Shearer shortages and a volatile wool market are not influencing breed changes amongst Merino producers, but shedding sheep adaptability and aptitude in tough, drought prone country are increasing their popularity.
This is according to industry experts who say most Merino breeders, although frustrated by the issues surrounding the wool harvester shortage, have no plans to swap their production systems.
"I have had one client that said it wouldn't take much for him to shift over to shedders, but everyone else that I deal with is very much sticking to their program," Nutrien Ag Solutions central west wool manager Frank Roberts said.
"It's important to look at the reflective of where everything sits in terms of the industry.
"At West Wyalong, good Merino ewes made $380 and the best of the Aussie Whites and Dorpers are making around $450 on AuctionsPlus," Mr Roberts said.
"So yes, there is a market above that, but then quality sheep will always make money."
He said for producers wanting to change over to shedding sheep like Aussie Whites or Dorpers, they too come with their own challenges.
"When it comes to fences, shedding types of sheep aren't very sympathetic," he said.
"They pose a difficult physical aspect - they are different to handle and are incredibly strong.
"The industry is changing, everyone is conscious that sheep are getting bigger and everyone wants big sheep, but whether the industry can handle that in terms a shearing point of view is yet to be determined."
At the end of 2020 a major online selling platform investigated data from 2016 from to present, distinguishing selling trends and prices for shedding breed sheep.
According to the data collected online listings for shedding breeds increased significantly in 2020, with 51,105 head listed, accounting for 17 per cent of all terminal breeds offered and up five per cent on 2019.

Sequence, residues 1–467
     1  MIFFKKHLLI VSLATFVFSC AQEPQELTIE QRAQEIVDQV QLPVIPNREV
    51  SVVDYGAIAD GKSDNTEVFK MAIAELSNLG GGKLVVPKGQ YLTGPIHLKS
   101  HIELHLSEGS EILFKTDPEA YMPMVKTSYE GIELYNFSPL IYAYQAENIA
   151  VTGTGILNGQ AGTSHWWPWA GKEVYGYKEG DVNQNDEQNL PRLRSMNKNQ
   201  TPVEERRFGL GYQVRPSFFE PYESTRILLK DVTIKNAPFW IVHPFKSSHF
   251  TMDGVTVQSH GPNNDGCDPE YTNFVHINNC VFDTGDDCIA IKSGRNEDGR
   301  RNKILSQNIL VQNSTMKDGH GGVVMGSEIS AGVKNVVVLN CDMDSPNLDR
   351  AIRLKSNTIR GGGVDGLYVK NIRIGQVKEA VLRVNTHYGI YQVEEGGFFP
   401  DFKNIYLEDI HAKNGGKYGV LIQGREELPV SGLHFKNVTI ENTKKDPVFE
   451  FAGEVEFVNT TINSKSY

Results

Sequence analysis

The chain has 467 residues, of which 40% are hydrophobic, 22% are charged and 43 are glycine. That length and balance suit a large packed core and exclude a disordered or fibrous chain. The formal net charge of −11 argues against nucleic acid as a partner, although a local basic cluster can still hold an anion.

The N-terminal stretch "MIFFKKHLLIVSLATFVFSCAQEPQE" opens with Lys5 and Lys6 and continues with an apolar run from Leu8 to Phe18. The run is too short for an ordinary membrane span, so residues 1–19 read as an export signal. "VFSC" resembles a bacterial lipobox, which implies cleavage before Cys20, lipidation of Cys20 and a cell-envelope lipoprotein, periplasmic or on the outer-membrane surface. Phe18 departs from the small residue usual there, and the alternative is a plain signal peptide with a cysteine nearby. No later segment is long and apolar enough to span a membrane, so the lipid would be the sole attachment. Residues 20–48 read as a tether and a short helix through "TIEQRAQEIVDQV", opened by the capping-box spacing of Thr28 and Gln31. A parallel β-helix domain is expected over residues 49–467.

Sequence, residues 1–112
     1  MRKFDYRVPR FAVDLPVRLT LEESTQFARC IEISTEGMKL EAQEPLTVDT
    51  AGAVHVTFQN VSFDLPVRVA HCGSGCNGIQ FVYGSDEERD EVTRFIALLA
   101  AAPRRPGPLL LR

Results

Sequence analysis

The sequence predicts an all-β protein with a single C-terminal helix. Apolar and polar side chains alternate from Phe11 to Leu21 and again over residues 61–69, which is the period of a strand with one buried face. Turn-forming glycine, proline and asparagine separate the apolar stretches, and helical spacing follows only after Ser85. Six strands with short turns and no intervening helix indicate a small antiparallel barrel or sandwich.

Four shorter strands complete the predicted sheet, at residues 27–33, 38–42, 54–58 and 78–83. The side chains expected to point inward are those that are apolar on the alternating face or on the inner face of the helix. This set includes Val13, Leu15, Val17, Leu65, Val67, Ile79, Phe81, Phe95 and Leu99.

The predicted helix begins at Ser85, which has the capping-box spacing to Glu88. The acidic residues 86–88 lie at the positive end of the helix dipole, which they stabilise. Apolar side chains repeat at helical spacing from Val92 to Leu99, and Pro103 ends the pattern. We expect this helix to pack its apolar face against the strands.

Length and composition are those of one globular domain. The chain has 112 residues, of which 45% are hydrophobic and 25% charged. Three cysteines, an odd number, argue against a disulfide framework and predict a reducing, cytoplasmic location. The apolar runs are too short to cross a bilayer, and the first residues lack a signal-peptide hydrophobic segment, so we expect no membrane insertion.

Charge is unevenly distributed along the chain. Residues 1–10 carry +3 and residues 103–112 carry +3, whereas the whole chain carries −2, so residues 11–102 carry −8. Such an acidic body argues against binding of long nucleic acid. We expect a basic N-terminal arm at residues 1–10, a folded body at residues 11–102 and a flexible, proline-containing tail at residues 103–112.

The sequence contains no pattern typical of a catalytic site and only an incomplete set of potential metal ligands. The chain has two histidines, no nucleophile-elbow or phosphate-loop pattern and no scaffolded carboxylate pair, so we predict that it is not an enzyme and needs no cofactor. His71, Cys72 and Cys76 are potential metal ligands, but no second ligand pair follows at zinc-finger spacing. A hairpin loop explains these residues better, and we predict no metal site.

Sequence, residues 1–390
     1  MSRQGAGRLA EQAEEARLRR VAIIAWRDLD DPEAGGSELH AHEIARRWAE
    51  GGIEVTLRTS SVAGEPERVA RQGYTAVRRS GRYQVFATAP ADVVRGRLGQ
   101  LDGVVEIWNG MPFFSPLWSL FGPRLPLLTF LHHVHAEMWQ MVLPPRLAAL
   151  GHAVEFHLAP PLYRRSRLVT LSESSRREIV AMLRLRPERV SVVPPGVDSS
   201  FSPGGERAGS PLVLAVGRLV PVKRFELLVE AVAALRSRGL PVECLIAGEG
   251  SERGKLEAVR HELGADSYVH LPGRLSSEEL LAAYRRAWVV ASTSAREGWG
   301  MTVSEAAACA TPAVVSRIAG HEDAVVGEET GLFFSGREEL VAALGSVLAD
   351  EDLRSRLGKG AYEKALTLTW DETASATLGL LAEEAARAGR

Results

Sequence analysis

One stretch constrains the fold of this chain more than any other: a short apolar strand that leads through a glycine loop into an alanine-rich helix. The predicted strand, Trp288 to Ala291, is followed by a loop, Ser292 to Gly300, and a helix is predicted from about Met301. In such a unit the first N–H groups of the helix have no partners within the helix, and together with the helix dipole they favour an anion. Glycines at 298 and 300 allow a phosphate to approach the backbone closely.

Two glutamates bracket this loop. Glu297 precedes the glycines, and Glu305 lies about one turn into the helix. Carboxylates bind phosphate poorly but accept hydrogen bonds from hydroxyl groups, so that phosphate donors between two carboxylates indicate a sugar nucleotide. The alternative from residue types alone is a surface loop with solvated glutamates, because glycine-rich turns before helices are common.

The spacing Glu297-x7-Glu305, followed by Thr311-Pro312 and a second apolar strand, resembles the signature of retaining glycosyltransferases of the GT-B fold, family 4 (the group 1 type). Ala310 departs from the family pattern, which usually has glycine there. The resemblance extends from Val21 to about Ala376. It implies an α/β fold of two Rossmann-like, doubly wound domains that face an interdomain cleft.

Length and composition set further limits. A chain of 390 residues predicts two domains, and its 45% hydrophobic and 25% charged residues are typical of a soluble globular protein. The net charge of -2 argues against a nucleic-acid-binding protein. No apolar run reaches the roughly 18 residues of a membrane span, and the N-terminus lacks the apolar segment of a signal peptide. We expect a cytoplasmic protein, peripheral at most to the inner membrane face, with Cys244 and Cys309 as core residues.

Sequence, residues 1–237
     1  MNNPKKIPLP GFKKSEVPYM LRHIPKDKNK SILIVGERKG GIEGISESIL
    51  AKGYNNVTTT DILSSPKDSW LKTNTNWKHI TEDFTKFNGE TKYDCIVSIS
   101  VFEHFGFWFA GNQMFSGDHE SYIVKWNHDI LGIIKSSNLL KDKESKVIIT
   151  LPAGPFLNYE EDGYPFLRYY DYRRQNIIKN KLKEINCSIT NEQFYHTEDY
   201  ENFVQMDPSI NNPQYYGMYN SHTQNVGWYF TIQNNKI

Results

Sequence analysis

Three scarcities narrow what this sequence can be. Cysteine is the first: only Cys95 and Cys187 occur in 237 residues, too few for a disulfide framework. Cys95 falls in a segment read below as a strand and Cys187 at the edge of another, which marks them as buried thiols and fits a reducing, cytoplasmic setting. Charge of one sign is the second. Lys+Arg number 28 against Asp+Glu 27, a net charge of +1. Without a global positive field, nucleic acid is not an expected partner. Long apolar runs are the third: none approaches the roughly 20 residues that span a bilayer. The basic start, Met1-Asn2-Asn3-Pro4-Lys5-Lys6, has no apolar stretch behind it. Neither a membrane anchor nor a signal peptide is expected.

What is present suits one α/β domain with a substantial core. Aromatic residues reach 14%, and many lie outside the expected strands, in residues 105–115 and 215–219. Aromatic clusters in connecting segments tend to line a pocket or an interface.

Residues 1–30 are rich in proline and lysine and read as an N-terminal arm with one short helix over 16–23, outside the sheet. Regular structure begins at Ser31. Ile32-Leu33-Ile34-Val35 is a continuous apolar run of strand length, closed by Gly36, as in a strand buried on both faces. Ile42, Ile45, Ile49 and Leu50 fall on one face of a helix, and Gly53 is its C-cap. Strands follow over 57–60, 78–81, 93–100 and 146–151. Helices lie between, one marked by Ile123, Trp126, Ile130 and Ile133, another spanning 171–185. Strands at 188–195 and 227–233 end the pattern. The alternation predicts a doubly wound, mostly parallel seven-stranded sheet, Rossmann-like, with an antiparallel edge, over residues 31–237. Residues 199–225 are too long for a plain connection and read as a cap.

Nutrien Ag livestock manager western NSW Luke Scales attributes the increased popularity of the shedding breeds to their adaptability to harsh country, but said it stemmed back to the 1990s or 2000s, when the seasons started to dry up and wool's reserve price scheme crashed.
"The general statement about producers going out of Merinos to a breed like Dorpers is somewhat true, but in my locality, it is more about seasonal variance rather than issues with shearers," Mr Scales said.
"The biggest changing point for the producers in the western division was those that couldn't make a dollar out of selling Merinos.
"They stepped into Damara ewes and all of a sudden they went from selling a $30 Merino to an $80 Damara ewe to the live export trade. I believe that was the start of the shedding sheep type in our part of the country and generally across most of Australia."
But Mr Roberts warned shedding breeds are not the answer for the industry.
"If you join a first-cross ewe to a shedding breed they still require shearing because they will still attract fly," he said.
"And if everyone goes to a 100pc shedding sheep, it becomes purely a meat job.
We can't all support the one football side - it becomes a flood.
"I still believe there is strength in the Merinos, especially while the season is so good."